"The Alec Baldwin Show," WABC/7, Sunday, 10
WHAT IT'S ABOUT On the first edition Sunday of his prime-time ABC talk show, Alec Baldwin interviewed Robert De Niro and Taraji P. Henson.
MY SAY If "The Alec Baldwin Show" was on at 2 in the morning on Sundance, it would be the perfect nightcap, largely because it would put you to sleep. But on ABC Sundays at 10, where we usually meet great-looking TV doctors promising to save the world (or at least the hospital), or a pair of cops who finally chase down that terrorist, this new show is more like a duck waddling through the Times Square subway station at rush hour.
Baldwin is a convivial interviewer who can think on his feet, or sitting down, and we know this largely from his WNYC podcast, "Here's The Thing with Alec Baldwin." But here's the thing with "The Alec Baldwin Show": It's gaseous, wordy and self-congratulatory and almost entirely unnecessary. Another interview with Robert De Niro — a sphinx of a subject on his best days — where he's told, "Your career is indelible, it lives forever . . . the goal in life is to give one performance, a great performance in a great movie, and you've done many of them. Do you have real pride about that?"
On the premiere, Baldwin and De Niro eventually got around to the subject that really exercises them these days — the guy in the White House — but even their dudgeon on this evergreen gripe seemed "low" as opposed to "high."
Baldwin: "I wanted to be the liberal that could throw a punch. It hasn't always gone the way I hoped it would go."
Then he asked De Niro "what's changed" about his newfound activism. (Recall, although not mentioned here for some reason, De Niro's bleeped outburst at the Tony Awards.)
But before De Niro could get around to an answer, the host was just getting warmed up with his question. He talked about how his good friend "Lorne Michaels" had asked him to play Trump on "SNL" and that it would just be for a little while because of course Trump would never win the election, and how Trump was a "drive-by presence" at all the A-list parties Baldwin went to, and . . .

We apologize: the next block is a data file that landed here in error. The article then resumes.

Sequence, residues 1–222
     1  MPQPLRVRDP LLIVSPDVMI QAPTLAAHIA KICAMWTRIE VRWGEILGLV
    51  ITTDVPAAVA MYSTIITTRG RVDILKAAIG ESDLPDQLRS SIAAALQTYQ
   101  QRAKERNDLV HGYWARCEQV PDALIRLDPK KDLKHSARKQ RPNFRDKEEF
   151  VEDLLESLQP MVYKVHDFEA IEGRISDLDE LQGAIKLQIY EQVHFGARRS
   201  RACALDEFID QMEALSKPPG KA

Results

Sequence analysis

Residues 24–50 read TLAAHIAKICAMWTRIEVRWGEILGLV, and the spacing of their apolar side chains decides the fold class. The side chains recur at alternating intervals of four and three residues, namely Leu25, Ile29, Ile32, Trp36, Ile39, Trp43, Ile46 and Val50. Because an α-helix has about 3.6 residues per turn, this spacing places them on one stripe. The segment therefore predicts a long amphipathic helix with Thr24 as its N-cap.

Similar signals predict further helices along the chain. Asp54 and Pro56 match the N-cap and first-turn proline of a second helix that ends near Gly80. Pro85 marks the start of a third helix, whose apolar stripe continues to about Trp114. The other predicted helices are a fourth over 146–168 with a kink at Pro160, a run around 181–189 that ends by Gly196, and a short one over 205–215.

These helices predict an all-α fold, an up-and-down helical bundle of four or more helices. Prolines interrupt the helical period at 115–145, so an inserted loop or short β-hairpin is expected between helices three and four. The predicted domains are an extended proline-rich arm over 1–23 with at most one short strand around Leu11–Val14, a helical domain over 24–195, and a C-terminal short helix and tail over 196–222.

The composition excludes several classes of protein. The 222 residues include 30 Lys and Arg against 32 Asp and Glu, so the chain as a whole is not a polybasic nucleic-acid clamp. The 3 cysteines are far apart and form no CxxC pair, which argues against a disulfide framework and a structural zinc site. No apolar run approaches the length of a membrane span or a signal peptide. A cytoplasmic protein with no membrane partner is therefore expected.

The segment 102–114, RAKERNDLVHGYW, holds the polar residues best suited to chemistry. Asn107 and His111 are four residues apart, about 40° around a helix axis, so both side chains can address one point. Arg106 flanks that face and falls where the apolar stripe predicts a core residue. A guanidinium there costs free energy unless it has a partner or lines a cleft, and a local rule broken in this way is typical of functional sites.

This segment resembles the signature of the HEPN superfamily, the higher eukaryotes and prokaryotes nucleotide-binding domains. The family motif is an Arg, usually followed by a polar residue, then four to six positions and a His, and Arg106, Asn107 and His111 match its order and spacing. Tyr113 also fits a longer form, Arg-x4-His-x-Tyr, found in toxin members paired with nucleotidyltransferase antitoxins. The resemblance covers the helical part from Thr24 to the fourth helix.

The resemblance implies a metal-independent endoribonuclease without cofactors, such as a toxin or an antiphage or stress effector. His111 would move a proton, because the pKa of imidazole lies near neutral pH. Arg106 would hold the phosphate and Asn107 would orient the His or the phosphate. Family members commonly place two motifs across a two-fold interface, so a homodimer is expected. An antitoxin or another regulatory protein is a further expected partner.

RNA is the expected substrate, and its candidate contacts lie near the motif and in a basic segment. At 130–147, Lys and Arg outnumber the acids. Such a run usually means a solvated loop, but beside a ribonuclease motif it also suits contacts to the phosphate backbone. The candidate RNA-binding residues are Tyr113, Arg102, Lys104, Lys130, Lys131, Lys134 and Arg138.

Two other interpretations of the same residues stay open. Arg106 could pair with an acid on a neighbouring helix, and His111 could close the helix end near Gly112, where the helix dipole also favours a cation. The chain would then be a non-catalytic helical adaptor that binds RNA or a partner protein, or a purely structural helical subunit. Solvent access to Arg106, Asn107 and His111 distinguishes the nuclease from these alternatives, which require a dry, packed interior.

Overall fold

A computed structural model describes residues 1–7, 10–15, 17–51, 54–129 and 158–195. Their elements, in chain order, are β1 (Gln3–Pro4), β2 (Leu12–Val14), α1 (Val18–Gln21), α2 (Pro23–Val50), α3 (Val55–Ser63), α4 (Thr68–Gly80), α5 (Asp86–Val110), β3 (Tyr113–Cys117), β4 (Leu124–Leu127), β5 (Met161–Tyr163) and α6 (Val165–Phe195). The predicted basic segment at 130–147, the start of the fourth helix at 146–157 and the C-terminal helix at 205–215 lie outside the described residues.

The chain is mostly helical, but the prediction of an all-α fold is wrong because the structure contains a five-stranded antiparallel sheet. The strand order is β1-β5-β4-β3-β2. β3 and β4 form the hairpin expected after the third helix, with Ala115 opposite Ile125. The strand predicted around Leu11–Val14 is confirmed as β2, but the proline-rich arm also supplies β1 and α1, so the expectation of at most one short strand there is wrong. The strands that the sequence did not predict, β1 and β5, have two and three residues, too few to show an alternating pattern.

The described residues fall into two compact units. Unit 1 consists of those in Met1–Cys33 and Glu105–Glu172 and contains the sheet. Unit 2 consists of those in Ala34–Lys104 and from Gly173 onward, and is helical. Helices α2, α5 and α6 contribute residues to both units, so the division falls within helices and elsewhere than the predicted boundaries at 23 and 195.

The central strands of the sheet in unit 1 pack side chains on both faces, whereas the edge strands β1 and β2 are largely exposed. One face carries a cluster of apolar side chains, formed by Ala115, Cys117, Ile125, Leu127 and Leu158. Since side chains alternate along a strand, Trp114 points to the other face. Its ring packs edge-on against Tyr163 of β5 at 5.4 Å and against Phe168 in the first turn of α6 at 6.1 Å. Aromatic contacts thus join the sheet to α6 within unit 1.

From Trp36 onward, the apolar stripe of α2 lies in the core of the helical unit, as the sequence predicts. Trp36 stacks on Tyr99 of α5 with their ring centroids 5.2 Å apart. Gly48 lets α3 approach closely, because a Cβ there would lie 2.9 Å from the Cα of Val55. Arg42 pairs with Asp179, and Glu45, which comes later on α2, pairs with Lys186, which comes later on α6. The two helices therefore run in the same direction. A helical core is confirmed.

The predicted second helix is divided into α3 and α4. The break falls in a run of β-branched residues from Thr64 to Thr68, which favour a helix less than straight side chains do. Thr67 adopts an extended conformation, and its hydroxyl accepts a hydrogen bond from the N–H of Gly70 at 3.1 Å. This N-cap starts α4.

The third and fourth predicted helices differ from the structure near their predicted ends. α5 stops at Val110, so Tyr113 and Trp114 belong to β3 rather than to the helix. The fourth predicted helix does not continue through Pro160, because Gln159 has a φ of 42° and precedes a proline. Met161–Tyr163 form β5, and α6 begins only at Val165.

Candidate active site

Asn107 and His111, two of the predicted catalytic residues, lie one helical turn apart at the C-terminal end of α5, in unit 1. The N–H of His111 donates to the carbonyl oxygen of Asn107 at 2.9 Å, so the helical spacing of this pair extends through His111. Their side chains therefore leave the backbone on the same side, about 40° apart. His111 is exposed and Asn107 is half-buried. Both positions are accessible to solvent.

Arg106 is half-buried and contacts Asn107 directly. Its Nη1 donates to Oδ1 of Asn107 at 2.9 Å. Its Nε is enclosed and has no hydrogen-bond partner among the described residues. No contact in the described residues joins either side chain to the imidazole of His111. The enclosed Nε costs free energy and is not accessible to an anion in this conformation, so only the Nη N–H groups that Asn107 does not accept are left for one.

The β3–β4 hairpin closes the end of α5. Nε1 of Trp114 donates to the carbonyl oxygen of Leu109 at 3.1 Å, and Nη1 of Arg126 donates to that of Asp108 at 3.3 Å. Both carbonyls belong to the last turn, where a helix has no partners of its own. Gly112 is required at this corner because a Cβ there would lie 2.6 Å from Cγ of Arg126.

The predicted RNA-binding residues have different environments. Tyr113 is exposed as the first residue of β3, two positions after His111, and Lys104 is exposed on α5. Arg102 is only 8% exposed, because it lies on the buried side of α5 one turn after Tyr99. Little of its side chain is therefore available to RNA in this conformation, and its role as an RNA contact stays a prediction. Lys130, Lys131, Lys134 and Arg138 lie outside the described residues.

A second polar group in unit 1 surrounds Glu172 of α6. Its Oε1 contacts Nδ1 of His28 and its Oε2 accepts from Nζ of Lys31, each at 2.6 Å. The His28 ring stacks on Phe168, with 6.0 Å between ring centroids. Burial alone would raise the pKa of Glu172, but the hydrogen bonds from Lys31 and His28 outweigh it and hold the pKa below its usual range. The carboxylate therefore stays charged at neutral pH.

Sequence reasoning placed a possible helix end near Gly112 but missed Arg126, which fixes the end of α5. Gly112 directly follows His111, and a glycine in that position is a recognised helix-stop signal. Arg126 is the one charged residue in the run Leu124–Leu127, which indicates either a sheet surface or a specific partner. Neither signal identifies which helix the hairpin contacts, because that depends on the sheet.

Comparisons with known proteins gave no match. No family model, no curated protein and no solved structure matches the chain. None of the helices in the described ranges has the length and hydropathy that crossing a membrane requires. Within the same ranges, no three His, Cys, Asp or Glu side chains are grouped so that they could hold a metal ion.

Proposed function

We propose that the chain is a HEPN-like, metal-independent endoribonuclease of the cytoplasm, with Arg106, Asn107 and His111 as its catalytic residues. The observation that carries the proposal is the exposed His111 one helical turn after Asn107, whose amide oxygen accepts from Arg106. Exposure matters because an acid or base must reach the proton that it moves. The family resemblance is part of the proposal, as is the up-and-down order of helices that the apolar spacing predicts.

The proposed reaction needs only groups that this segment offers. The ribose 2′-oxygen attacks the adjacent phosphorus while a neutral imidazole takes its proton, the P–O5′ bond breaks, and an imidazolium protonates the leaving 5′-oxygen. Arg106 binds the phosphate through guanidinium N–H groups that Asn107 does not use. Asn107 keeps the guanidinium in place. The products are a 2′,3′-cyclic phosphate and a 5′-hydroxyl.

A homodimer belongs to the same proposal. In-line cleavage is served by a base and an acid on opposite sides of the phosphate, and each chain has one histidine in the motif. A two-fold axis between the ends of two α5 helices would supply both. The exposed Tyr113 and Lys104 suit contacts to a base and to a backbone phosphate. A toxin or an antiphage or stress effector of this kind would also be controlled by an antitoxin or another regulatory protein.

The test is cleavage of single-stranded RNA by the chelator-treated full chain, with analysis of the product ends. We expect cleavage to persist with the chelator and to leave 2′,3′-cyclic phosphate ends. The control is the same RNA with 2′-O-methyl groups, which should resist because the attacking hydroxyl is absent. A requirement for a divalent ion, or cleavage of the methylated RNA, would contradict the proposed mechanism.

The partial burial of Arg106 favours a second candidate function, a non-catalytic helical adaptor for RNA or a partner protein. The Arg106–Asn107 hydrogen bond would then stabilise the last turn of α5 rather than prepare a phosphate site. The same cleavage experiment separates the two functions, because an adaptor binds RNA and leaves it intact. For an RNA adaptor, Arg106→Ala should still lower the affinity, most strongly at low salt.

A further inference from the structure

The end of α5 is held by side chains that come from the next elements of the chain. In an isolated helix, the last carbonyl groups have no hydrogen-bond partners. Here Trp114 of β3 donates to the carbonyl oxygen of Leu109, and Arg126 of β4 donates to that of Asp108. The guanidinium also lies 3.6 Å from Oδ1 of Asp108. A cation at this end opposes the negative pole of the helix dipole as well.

During this question/soliloquy, the thought began as a hint, then became a little more persistent, and finally, the full-blown revelation arrived: "The Alec Baldwin Show" is about Alec Baldwin. The guests are props for his observations and worldviews, or foils for stories about his brilliant career.
You also wondered at moments (I did) how much he knew about his second guest, Henson. "We watched a bit of 'Empire,' " he ventured, then later asked, "Did you go to college?" A glance at her CV when he was in makeup would have revealed she went to Howard University.
OK, enough of this rant. Baldwin can be congenial company, and he is a particularly good raconteur. The best part of this hour was an illustrated storyboard sequence of Baldwin recalling a Danny Aiello meltdown in Paris, which was both funny and in Technicolor.
But if it walks like a duck and talks like a duck, then — well — "The Alec Baldwin Show" is a duck.
A sitting one.
BOTTOM LINE Soporific.